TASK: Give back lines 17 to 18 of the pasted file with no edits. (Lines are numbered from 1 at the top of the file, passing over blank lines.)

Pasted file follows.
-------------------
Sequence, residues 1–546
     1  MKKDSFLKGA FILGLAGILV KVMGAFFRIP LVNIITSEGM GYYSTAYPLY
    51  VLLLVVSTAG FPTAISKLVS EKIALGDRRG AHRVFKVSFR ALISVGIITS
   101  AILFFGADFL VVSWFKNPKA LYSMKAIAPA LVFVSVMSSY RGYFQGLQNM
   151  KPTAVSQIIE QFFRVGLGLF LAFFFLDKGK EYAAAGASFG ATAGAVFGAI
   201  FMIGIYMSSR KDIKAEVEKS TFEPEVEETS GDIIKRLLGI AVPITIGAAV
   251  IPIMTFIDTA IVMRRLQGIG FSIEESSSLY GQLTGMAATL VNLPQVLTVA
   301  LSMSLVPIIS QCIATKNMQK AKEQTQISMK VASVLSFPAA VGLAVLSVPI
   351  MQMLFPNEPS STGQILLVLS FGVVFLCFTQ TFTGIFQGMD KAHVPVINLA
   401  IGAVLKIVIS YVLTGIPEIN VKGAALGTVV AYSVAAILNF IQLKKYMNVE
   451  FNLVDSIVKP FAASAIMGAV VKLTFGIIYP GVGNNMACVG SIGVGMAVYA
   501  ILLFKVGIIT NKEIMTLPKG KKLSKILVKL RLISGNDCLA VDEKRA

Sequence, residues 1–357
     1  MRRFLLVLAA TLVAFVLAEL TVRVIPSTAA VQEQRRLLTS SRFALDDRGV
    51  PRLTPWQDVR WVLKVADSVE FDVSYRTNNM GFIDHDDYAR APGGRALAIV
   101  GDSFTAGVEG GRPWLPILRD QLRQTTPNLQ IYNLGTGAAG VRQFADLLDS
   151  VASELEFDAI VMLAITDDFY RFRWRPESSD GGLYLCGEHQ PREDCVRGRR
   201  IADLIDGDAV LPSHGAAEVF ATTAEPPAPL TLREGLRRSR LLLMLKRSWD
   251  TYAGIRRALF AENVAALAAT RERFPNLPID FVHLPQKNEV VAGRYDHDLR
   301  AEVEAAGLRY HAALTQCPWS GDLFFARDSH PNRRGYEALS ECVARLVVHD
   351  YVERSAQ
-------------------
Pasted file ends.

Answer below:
   151  VASELEFDAI VMLAITDDFY RFRWRPESSD GGLYLCGEHQ PREDCVRGRR
   201  IADLIDGDAV LPSHGAAEVF ATTAEPPAPL TLREGLRRSR LLLMLKRSWD